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<<<-- Originally posted by Tommy Haupfear : Graham, the TRV70 employs electronics sensors (not CCD pixels) for its image stabilization -->>>

I don't understand how it can do this unless it uses optical image stabilization. With EIS the sensors would tell the camera how much movement there is, but in order to compensate for that movement you will need to utilize some portion of the image outside the "normal" field of view, and that could only come from "extra" CCD pixels. But maybe the CCD has so many extra pixels that it can still handle 16:9 and EIS?
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Old June 22nd, 2004, 08:52 PM   #8
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Boyd, I've never been 100% sure about the motion sensors but after doing a Google search I came up with the link below that pretty much says that Sony's Steadyshot uses both motion sensors and excess CCD pixels. The link looks pretty dated and I'm not sure what the now "Super" in new Super Steadyshot adds to the equation..

Click here
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Old June 22nd, 2004, 09:01 PM   #9
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Tom, now that I've done a little digging on the Super Steadyshot, I wonder if it plays a part in the odd behavior of a TRV70 (and others) when in 16:9 mode. It would seem that a TRV70 uses both horizontal and vertical motions sensors along with excess CCD pixels for its Super Steadyshot. At full wide I would think that the image stabilization would not be nearly as active as when you zoom to 10x optical therefore giving you the full 16:9 width. Then as you zoom closer to 10x the system becomes more agressive with its pixel use and 16:9 is forced to give up some real estate.

Just an idle thought and definitely not to be taken too seriously! :)
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Old June 22nd, 2004, 09:03 PM   #10
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I suspect some may disagree with the statement:
Quote:
Only 270K pixels are required to deliver excellent picture quality
I believe "Super Steadyshot" is what Sony calls its optical image stabilizer (using the motion sensors and moving optics). Anyway, the distinction that article makes is that of actually measuring camera movement as opposed to estimating it based on frame comparisons. So perhaps the TRV-70 is only using 270,000 pixels to produce its "excellent picture quality" in 16:9 mode? ;-)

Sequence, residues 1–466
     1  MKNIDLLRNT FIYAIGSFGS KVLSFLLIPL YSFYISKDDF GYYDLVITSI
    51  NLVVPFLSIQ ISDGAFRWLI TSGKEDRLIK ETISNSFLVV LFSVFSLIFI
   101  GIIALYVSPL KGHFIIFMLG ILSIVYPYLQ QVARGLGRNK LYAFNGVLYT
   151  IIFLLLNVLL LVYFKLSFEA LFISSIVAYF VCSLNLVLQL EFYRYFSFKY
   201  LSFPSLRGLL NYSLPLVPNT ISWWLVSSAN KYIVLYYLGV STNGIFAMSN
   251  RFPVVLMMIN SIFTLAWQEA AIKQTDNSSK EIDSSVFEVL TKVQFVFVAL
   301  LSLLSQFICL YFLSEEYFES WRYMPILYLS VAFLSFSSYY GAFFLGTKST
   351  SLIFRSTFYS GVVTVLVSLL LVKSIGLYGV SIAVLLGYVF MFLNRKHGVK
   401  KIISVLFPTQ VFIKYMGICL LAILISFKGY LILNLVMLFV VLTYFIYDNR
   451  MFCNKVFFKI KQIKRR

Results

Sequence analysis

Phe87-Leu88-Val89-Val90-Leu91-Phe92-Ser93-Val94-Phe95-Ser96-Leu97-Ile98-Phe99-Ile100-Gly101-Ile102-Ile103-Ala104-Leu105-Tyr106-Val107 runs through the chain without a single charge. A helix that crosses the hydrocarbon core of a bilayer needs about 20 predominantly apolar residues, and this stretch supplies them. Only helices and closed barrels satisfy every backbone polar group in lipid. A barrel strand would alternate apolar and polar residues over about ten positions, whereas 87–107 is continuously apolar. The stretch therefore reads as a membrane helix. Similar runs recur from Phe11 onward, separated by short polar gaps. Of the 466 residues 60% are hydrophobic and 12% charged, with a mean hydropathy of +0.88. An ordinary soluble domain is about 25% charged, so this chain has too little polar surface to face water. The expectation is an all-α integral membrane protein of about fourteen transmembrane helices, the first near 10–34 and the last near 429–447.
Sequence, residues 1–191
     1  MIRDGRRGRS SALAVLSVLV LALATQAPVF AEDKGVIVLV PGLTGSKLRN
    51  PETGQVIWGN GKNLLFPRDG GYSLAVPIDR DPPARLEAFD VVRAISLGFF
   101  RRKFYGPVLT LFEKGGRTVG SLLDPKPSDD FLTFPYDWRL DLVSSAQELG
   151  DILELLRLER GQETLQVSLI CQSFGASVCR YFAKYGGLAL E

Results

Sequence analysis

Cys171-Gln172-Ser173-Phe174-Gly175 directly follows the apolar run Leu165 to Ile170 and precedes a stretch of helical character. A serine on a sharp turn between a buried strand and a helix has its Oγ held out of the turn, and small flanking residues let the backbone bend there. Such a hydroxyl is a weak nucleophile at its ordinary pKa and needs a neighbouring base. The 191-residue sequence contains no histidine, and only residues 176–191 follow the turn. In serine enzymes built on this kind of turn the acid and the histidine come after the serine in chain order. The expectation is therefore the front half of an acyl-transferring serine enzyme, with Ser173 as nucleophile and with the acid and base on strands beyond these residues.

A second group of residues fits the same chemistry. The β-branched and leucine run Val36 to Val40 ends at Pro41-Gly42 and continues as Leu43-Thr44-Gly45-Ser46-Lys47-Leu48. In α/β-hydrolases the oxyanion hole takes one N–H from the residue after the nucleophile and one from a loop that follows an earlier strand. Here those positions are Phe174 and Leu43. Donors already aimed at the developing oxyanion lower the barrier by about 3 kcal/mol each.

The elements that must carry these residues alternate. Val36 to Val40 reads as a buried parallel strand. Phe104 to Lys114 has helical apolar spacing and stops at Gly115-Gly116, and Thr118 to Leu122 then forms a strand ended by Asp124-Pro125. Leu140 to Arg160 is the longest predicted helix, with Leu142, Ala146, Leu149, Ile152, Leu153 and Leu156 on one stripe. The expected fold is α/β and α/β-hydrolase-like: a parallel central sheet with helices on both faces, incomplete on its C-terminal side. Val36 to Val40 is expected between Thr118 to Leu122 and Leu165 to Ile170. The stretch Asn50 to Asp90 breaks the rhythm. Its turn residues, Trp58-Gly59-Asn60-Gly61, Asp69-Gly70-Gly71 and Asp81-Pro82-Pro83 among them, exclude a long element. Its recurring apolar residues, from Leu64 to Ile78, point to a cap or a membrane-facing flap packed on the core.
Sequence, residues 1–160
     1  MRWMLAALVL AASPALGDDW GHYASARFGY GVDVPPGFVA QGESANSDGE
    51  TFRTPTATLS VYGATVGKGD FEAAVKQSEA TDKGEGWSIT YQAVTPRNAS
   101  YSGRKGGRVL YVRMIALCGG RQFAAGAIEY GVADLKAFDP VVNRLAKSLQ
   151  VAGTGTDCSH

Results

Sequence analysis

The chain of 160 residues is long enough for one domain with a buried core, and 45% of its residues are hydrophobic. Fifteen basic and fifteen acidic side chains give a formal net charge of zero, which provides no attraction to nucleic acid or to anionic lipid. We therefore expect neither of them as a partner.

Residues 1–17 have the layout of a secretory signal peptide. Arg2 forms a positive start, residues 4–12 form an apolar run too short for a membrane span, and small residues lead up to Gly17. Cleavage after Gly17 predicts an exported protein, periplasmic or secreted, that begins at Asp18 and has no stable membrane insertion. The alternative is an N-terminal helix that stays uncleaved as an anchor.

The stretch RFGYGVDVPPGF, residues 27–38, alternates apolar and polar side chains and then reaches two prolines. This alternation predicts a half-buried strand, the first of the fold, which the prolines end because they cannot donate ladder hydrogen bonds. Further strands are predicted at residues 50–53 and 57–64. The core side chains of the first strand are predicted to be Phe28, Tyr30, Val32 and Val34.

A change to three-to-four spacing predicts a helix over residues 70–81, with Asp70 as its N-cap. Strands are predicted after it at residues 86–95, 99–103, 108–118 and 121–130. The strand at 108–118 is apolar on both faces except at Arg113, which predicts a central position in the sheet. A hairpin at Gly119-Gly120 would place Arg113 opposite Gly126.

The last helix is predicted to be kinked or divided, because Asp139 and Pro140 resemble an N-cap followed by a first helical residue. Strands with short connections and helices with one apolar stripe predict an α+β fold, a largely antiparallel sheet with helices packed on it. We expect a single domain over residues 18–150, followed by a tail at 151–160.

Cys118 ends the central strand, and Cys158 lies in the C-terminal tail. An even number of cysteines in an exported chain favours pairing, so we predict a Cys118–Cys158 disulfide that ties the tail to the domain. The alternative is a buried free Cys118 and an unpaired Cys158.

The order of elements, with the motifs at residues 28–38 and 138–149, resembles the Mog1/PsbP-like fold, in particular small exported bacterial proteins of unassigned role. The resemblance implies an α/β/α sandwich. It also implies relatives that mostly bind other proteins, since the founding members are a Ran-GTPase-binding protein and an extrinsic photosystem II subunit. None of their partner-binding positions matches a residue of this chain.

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Old June 22nd, 2004, 09:10 PM   #11
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Quote:
I suspect some may disagree with the statement:
Agreed, I believe you need at least 340k pixels. That explains the Super in the new Super Steady Shot. With single CCD Sonys starting out at 680k and going up they probably have overcame the 270k limitations of the original Steady Shot.

Sony refers to their OIS as Optical Super Steady Shot.
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Old June 22nd, 2004, 09:35 PM   #12
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Interesting. On my VX-2000 it says:
Quote:
Super SteadyShot
Digital Handycam
I didn't realize they also applied that term to EIS.
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Old June 23rd, 2004, 12:03 AM   #13
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Interesting!

My take on this is ..... the highend Sony's use opto-mechanical systems that Sony sometimes calls "optical super steady shot". Sony cameras like my TRV70 have "super steady shot" whereby sensors detect camera movement and adjust the pixel-reading accordingly. Some other manufacturers detect movement of the image on the chip and process the image accordingly (which Sony claims results in poorer quality than their method).

I guess most people in casual conversation refer to the first as OIS and both the second and third as EIS.
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Old June 23rd, 2004, 12:14 AM   #14
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I guess most people in casual conversation refer to the first as OIS and both the second and third as EIS.
I've also seen DIS (digital image stabilization) refer to non-Sony type of CCD based stabilization that lacks the motion sensors. Then you have Panasonic with their occassional DEIS..

So much for standardization!
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Old June 26th, 2004, 04:46 AM   #15
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For the clearest explanation of why the PDX10's 16:9 mode is superior to that offered by its less expensive brothers see the following page on Creative Video's site.

http://www.creativevideo.co.uk/pages...dx10p-16x9.htm